This dangerous infection is most common in the arms, legs, and abdominal wall and is fatal in 30%-40% of cases. The bacteria that cause necrotizing fasciitis can be passed from person to person through close contact, such as touching the wound of the infected person. However, this is a rare event unless the person who is exposed to the bacteria has an open wound, chickenpox, or an impaired immune system.

Necrotizing fasciitis is not a new disease. One of the first references to the disease was recorded in 1871 by Dr. Joseph Jones an Army Surgeon, who studied more than 2,600 cases of the disease he observed during the American Civil War. Throughout history, some of the worst outbreaks of this condition have occurred in war-torn areas, as well as in military hospitals.

Fournier's gangrene is the term used when the condition affects the genitals. Jean-Alfred Fournier, a Parisian doctor, became the pre-eminent person attached to this condition after delivering a lecture on the subject in 1883. He noted that diabetic patients might have a higher risk of developing this disease.

By 1918, it was thought that this condition was likely caused by a bacterium of some sort. This was proven in 1920 when U.S. surgeon Frank L. Meleney published a paper on the topic. In his paper, he asserted that 20 patients he examined in China were afflicted with necrotizing fasciitis caused by hemolytic streptococcus.

In 1952, Dr. B. Wilson first used the term "necrotizing fasciitis." This term is the one still used in modern medicine, and is generally considered to be the most accurate and concise description. Other terms used to describe this condition include streptococcal gangrene, hospital gangrene, necrotizing erysipelas, and suppurative fasciitis.

Necrotizing fasciitis may be caused by an infection with one or more than one bacterium. In most cases, the term flesh-eating bacteria have been applied to describe infections caused by Streptococcus Pyogenes. The term flesh-eating has been used because the bacterial infection produces toxins that destroy tissues such as muscles, skin, and fat. Streptococcus Pyogenes is a member of group A streptococci, a group of bacteria that are responsible for mild cases of sore throat (pharyngitis) and skin infections, as well as rare, severe illnesses such as toxic shock syndrome and necrotizing fasciitis. Most infections with group A streptococci result in mild illness and may not even produce symptoms.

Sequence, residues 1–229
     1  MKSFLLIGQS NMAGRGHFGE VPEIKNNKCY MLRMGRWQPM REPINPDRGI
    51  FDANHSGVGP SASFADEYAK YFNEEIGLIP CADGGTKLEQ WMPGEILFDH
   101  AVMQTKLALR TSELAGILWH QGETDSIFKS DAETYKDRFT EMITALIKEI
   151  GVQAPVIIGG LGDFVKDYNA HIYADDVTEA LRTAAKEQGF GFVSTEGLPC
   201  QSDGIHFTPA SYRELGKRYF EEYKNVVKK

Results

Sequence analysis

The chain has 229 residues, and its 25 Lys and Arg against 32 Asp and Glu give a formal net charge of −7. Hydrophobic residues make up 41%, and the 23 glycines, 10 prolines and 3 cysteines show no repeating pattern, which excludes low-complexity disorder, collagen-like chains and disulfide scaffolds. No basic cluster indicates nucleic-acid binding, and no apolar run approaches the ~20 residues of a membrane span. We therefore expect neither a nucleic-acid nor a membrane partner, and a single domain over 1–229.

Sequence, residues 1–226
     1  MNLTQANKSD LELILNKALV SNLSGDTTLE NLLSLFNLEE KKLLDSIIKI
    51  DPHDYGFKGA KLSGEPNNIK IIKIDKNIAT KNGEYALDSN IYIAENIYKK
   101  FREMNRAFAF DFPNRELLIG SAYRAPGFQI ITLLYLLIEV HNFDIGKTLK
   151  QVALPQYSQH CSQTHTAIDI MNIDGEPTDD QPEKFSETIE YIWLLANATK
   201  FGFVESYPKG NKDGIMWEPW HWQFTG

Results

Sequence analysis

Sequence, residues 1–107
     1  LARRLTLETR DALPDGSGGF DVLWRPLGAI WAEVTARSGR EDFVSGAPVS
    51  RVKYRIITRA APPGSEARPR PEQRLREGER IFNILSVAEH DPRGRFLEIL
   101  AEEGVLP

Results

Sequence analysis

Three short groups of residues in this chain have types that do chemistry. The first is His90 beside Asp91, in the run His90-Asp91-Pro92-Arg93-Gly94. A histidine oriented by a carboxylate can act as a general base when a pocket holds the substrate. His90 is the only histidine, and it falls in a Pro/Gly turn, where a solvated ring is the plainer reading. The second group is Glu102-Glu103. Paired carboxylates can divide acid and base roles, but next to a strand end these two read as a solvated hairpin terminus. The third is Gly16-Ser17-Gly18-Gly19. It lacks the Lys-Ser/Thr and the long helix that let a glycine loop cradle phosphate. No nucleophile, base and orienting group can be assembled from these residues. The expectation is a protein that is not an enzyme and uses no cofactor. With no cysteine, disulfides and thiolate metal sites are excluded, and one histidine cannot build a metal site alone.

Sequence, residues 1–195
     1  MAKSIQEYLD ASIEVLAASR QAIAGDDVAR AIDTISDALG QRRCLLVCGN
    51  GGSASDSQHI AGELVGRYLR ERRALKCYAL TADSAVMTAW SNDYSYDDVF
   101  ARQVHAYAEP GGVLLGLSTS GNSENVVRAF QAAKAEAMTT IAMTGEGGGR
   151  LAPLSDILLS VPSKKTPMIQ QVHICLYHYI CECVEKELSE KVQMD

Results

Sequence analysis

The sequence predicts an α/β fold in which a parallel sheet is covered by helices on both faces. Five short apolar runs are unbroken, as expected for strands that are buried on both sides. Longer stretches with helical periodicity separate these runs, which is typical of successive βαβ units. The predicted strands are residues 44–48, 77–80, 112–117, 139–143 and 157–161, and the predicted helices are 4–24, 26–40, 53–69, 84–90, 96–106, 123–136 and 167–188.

Other organisms may rarely cause necrotizing fasciitis, but when they do, the resulting infections are often difficult to treat successfully. Aeromonas hydrophila (a Gram-negative rod-shaped bacterium) has recently been the source of this disease in a 24-year-old who cut her thigh in a homemade zip line accident in the U.S. The organism established itself and caused the otherwise healthy young woman to have her leg amputated, and she may suffer further complications over time. Although Aeromonas hydrophila is usually associated with warm brackish water and causes infections in fish and amphibians, gastroenteritis is the disease it causes most often in humans when the water sources are swallowed. Because it is often resistant to multiple antibiotics, it is difficult to eradicate if it infects human tissues. In addition, once it infects tissues, its enzymes and toxins allow a rapid entrance of the organisms to the bloodstream, causing sepsis and infection of other body organs.

References: